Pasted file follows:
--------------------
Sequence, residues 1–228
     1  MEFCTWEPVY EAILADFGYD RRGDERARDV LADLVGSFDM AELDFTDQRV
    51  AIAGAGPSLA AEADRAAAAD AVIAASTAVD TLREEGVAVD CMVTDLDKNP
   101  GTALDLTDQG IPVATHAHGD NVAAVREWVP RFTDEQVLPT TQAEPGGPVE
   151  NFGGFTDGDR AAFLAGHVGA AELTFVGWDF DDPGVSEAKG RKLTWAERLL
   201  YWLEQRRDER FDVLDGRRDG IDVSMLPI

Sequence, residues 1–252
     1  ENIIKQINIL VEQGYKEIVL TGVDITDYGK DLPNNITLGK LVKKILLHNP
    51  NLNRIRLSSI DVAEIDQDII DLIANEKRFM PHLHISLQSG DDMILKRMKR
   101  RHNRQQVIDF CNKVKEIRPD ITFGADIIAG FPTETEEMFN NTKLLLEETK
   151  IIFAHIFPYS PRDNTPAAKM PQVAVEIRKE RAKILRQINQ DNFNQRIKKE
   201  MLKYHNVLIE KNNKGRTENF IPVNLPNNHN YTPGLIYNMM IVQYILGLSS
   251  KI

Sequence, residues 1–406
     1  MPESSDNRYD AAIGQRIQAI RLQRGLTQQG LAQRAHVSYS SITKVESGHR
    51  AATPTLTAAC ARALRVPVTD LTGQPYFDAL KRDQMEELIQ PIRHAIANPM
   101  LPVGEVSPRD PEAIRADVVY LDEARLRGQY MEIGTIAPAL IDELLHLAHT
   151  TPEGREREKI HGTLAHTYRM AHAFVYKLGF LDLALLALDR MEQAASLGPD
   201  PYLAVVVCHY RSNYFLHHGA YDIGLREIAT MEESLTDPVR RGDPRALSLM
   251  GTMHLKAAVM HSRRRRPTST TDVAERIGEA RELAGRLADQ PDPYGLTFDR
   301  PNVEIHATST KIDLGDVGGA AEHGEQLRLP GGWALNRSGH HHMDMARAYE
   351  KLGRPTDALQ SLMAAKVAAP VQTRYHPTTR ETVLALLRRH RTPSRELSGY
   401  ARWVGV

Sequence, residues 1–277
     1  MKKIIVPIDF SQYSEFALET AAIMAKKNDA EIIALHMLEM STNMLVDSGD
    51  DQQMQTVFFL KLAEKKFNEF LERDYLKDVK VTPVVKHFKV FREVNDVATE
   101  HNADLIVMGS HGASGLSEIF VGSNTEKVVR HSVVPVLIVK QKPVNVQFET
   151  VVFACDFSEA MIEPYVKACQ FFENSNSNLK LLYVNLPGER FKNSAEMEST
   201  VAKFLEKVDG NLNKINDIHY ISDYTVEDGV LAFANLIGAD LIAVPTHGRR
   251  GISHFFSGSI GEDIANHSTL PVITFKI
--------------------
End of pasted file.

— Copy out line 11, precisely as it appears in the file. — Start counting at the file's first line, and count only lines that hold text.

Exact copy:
   151  IIFAHIFPYS PRDNTPAAKM PQVAVEIRKE RAKILRQINQ DNFNQRIKKE